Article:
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Managing Wastewater in Coastal Urban Areas
frequently less than for lakes, the sediments are often a more important sink of phosphorus in lakes than in marine ecosystems, and nitrogen fixation is a more prevalent process in the plankton of lakes (Howarth 1988). Each of these is discussed briefly below.
In both freshwater and marine ecosystems, the relative requirements of phytoplankton for nitrogen and phosphorus are fairly constant, with the two elements being assimilated in the approximate molar ratio of 16:1, the Redfield ratio (Redfield 1958). If there were no biogeochemical processes acting within a water body, the ratio of nitrogen to phosphorus in the nutrient inputs to the ecosystem would determine whether the system were nitrogen or phosphorus limited. Ratios below 16:1 would lead to nitrogen limitation and higher ratios would lead to phosphorus limitation (Howarth 1988). In fact, the N:P ratio in nutrient loadings to many (but by no means all) estuaries and coastal seas are below this ratio, while nutrient inputs to temperate lakes tend to have higher N:P ratios (Jaworski 1981, Kelly and Levin 1986, NOAA/EPA 1988). This difference in ratios probably reflects the relative importance of sewage, which tends to have a low N:P ratio, as a nutrient source to coastal waters.
Biogeochemical processes within sediments act to alter the relative abundance of nitrogen and phosphorus in an ecosystem. Denitrification, the bacterial reduction of nitrate to molecular nitrogen, removes nitrogen and tends to make coastal marine ecosystems more nitrogen limited (Nixon et al. 1980, Nixon and Pilson 1983). However, this process appears to be even more important in lakes than in estuaries and coastal seas; a higher percentage of the nitrogen mineralized during decomposition is denitrified in lake sediments than in estuarine sediments (Seitzinger 1988, Gardner et al. 1991, Seitzinger et al. 1991). Of more importance in explaining a tendency for nitrogen limitation in coastal marine ecosystems of the temperate zone, therefore, is the relatively high phosphorus flux from sediments; nutrient fluxes from these sediments have fairly low N:P ratios (Rowe et al. 1975, Boynton et al. 1980, Nixon et al. 1980). In many lakes, phosphorus is bound in the sediments (Schindler et al. 1977), although in others, phosphorus fluxes are comparable to marine sediments (Khalid et al. 1977). Nutrient fluxes from lake sediments can be either enriched or depleted in nitrogen relative to phosphorus (Kamp-Nielsen 1974). Caraco et al. (1989, 1990) have suggested that the abundance of sulfate in an ecosystem partially regulates the sediment flux of phosphorus. Phosphorus binding in sediments is greatest where sulfate concentrations are lowest, which is consistent with variable fluxes in lakes and higher fluxes in coastal marine ecosystems.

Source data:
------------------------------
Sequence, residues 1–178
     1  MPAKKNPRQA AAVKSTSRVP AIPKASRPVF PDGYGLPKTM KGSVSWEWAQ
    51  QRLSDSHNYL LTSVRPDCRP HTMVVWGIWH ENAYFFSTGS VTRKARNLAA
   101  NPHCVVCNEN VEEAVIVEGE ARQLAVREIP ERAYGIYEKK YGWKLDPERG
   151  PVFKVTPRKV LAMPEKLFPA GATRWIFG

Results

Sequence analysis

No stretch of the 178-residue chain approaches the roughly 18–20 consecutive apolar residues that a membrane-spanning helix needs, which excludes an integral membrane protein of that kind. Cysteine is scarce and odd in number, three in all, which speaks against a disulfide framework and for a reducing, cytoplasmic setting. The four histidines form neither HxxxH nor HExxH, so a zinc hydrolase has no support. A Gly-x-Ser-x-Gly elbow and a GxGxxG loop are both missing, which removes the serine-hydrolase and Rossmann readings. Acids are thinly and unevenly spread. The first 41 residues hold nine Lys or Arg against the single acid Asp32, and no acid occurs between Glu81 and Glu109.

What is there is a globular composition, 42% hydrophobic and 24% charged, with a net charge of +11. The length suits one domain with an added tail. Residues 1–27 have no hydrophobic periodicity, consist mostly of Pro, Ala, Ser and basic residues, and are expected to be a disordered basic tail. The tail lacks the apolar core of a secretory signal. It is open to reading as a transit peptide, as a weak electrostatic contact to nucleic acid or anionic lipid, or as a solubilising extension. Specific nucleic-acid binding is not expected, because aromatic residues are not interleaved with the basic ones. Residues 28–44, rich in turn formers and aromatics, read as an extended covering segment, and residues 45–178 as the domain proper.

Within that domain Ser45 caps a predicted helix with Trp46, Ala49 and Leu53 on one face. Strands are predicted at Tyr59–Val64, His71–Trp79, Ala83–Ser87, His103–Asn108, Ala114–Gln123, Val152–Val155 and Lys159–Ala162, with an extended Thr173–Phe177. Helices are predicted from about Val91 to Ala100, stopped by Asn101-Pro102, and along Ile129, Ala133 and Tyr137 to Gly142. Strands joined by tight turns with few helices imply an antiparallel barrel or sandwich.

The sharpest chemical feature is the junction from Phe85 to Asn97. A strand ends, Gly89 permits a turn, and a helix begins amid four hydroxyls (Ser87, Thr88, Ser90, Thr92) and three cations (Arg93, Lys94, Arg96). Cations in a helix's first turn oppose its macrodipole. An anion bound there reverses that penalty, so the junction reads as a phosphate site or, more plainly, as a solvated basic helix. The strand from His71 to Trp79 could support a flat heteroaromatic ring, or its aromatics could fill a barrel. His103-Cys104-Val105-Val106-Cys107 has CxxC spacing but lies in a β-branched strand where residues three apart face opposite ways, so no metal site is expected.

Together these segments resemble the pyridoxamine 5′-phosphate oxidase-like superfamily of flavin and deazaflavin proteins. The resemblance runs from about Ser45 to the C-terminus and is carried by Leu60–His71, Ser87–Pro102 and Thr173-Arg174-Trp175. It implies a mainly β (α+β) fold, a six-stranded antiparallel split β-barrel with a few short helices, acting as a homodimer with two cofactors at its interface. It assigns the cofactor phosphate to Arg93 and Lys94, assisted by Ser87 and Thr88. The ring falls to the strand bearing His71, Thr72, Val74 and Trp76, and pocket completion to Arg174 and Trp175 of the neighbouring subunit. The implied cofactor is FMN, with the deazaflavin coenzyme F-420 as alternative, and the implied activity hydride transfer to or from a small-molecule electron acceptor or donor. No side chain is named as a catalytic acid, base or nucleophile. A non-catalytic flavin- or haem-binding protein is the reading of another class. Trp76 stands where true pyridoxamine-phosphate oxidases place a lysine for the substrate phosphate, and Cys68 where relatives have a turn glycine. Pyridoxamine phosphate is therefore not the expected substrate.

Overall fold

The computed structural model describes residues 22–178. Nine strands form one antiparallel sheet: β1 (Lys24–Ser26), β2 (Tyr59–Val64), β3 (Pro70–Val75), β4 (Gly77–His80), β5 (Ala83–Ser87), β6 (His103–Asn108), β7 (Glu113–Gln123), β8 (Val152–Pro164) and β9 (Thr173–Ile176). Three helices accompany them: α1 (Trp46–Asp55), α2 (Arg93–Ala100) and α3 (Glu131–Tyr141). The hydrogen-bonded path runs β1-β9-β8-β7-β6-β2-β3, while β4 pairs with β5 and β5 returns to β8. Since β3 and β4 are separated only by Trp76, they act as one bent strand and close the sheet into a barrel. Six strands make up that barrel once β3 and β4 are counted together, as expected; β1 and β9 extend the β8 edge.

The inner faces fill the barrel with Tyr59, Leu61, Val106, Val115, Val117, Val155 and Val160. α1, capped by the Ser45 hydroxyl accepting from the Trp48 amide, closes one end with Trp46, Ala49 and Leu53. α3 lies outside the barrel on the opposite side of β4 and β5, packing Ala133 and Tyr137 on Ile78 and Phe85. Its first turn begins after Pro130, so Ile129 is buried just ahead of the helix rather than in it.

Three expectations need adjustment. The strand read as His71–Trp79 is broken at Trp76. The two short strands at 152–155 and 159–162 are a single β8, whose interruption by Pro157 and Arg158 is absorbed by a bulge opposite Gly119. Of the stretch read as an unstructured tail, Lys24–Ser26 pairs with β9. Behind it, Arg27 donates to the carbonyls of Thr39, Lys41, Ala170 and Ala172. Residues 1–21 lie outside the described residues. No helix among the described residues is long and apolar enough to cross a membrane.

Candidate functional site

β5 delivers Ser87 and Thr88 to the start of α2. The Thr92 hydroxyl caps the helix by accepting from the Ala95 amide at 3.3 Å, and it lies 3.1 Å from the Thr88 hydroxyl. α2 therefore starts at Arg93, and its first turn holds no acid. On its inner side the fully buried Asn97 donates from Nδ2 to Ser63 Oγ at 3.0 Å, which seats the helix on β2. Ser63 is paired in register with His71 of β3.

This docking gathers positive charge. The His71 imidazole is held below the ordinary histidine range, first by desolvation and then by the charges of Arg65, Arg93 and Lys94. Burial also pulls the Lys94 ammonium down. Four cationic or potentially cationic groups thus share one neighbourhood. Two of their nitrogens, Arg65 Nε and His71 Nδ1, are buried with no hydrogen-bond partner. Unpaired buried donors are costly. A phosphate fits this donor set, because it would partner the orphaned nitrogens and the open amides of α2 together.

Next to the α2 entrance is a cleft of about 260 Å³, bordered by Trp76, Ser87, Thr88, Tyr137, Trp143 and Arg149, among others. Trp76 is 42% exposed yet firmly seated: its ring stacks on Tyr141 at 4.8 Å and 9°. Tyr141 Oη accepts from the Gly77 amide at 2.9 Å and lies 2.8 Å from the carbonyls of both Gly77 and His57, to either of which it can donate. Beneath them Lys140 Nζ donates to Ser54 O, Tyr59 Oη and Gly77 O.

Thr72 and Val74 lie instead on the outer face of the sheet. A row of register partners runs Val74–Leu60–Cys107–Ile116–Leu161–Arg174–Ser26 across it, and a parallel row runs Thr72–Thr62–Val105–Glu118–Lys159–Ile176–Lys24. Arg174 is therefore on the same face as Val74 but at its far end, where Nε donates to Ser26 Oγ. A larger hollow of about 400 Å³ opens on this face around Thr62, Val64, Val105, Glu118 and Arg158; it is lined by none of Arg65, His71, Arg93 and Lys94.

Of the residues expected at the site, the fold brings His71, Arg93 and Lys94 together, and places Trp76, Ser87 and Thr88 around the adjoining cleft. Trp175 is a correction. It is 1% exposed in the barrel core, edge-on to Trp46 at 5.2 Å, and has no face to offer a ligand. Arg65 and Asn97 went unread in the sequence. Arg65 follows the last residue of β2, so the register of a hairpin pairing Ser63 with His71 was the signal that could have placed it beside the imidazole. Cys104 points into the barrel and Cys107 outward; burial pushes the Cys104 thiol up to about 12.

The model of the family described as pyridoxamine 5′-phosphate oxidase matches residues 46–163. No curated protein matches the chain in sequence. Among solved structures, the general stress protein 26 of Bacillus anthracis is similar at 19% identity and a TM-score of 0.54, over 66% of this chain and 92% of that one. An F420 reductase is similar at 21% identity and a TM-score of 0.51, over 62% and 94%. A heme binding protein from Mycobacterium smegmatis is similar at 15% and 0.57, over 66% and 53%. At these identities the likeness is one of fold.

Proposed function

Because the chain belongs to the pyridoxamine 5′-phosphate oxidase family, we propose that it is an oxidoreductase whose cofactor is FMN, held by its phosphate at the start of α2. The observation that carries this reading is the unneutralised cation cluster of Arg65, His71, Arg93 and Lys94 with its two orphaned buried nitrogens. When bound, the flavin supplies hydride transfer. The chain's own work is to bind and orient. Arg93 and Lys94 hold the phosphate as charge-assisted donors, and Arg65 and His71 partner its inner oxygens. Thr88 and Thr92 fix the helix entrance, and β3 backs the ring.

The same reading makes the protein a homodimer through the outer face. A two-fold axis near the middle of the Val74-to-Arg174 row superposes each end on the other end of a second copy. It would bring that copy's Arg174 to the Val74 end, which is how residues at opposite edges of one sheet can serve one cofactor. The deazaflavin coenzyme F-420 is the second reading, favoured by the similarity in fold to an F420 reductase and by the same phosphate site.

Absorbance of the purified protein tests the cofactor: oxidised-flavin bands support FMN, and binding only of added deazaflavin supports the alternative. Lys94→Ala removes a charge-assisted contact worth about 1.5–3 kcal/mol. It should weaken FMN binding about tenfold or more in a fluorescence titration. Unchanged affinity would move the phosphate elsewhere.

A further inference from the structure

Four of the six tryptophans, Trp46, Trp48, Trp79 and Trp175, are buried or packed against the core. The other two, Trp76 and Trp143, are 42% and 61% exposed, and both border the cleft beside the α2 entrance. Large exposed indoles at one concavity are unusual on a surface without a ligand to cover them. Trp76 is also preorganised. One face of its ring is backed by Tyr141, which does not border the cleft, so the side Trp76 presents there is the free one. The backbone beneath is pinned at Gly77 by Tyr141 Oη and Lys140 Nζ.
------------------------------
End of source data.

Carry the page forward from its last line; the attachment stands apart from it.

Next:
When the relative abundance of nitrogen to phosphorus is low in the water column of lakes, nitrogen-fixing species of cyanobacteria are favored since they can convert molecular nitrogen to ammonium or organic nitrogen. Under such nitrogen-depleted conditions in lakes, these cyanobacteria